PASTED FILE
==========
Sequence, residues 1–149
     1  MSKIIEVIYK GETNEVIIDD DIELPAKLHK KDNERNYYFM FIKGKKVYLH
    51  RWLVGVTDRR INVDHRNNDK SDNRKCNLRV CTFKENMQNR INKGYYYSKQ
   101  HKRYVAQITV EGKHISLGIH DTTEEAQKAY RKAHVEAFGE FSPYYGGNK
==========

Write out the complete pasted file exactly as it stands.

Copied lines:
Sequence, residues 1–149
     1  MSKIIEVIYK GETNEVIIDD DIELPAKLHK KDNERNYYFM FIKGKKVYLH
    51  RWLVGVTDRR INVDHRNNDK SDNRKCNLRV CTFKENMQNR INKGYYYSKQ
   101  HKRYVAQITV EGKHISLGIH DTTEEAQKAY RKAHVEAFGE FSPYYGGNK